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Planting Tips

June 3rd, 2007

Planting Tips

Planting TipsPlanting TipsOften we spend absurd amount of money on plants and then don't take time or have the knowledge to correctly plant them. The first step of planting is the most critical for long term success and survivability. Below are a few tips on our versions of the correct planting techniques.

The Siamese Twin Technique
Plants that are grown in containers (especially those with tightly wound rootballs) should be loosened and the soil shaken off the roots prior to planting. I know this is hard to comprehend and probably contrary to everything that you have learned...especially when I watch everyone planting to the contrary. The plant roots need to be in contact with the soil in which they will be growing...not the mix that was used at the nursery. Nursery growing mixes are generally bark based, and are formulated to dry out quickly, to prevent over watering in a nursery container. Most nurseries irrigate 1-3 times daily, and if the soil isn't completely dry at each irrigation, the plant will drown. If you leave this root ball intact after the plant is planted, the roots still dry quickly, as the plant still thinks it's in a pot. When planted with the soil ball intact, the roots can begin to die in just a couple of days, while the surrounding native soil may still appear damp for weeks. Plants can be virtually dead within a week, and still have green leaves for several years...sort of a horticultural virtual reality.

Have you ever pulled up a plant that died several years after planting, only to find the roots had never left the original root ball. Well, now you know why that happened. The plant was actually dead several days after it was planted. These plants often will have enough stored reserves to hold onto their green leaves for several years after "virtual death".

There are probably many of you that are saying..."I never do that, and my plants grow fine". It is true that under ideal circumstances...great soil preparation, perfect weather, and very vigorous plants that the plants will grow out of the potting soil and into the surrounding ground and thrive despite our best efforts to the contrary. I am addressing the times when all conditions are not perfect.

The root ball discombobulation is best accomplished by beating the root ball on any nearby solid object (including garden helpers). If this doesn't work, try washing the root ball with a high pressure water hose. I know everyone used to use a knife to cut the root ball, and while that technique works, I'll leave the "mad slasher" method to those so violently inclined. It is not necessary to get all the soil off the roots, just enough to stretch the roots out and allow them to reach into the planting medium.

The Hole
The primary purpose of a good planting area is to provide sufficient air to the plant roots. As a general rule, if you are planting trees and shrubs in individual holes, do not add any soil amendments...simply fluff the existing soil. Removing the native soil and replacing it with soil amendments causes problems with water movement in and out of the root zone. Repeated long term studies have verified this recommendation. In individual holes, problems have also been seen when holes were dug with tractor augers in wet clay where the sides of the holes actually became impermeable to water movement. In this case, the sides should be broken up with a shovel or pick.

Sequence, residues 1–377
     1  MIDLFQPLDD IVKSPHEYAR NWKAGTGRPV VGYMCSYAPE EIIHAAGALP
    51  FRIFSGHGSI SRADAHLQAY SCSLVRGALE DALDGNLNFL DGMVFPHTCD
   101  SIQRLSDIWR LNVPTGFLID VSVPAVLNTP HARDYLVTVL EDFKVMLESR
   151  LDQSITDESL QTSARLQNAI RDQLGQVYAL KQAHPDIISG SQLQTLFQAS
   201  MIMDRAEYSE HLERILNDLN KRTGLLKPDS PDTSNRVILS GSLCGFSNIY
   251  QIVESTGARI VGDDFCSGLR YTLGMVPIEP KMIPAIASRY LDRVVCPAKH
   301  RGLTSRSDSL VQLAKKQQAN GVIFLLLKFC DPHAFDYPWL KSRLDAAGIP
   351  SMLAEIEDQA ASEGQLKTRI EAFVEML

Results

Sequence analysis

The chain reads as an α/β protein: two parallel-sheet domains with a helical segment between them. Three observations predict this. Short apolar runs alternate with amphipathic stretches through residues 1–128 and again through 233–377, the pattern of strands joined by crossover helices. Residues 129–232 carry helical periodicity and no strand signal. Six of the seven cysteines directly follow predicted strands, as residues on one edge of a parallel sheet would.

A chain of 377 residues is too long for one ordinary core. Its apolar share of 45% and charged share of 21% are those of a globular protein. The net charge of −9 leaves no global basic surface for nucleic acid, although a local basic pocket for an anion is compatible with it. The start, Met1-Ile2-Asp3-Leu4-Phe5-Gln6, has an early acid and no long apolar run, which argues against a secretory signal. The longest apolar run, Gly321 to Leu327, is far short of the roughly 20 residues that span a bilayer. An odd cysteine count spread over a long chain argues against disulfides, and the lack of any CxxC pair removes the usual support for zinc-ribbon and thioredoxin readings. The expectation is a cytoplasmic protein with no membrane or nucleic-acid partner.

Perennials, however with less extensive root systems may indeed benefit however from the addition of organic amendments to the native soil, since their root systems remain confined to a smaller area. Never replace the native soil with an artificial one.

If you are planting in large beds, use all of the organic amendments that you can afford. These should be thoroughly mixed with the existing soil, and not simply piled on top. This allows for an extensive well prepared root zone in which the plant roots will remain for most of their lives. This way, hole size and depth of soil mounding becomes relatively insignificant.

As for mounding up or making raised beds, this is an excellent way to allow more aeration of the planting area. Folks, however use this as an excuse for not preparing the compacted soil underneath the mound. When this happens, plants are never able to anchor well, and are much more likely to be uprooted during storms. Also, vertical water movement is interrupted when a loose soil is piled on top of a compacted soil. While these plants may grow wonderful for a short time, long term results are usually disastrous.

A similar problem that occurs when folks put gravel in the bottom of a bed to increase drainage. In reality, it decreases drainage, as water moving vertically thru soils, stops when it reaches a different layer, even if the layer is more permeable. Only after the soil reaches saturation capacity, will the water move through the gravel. Some plant will die if the soil becomes saturated for even a short period. This is especially true when plants are actively growing and in need of a regular supply of oxygen to their roots.

In planting large trees, remember to dig a hole that is at least a third wider than the root ball of the plant. The hole need not be deeper than the root ball, since roots spread outward and don't grow down. If anyone doubts this, take a look that those trees uprooted by the storm.

This is an interesting comment regarding the above article.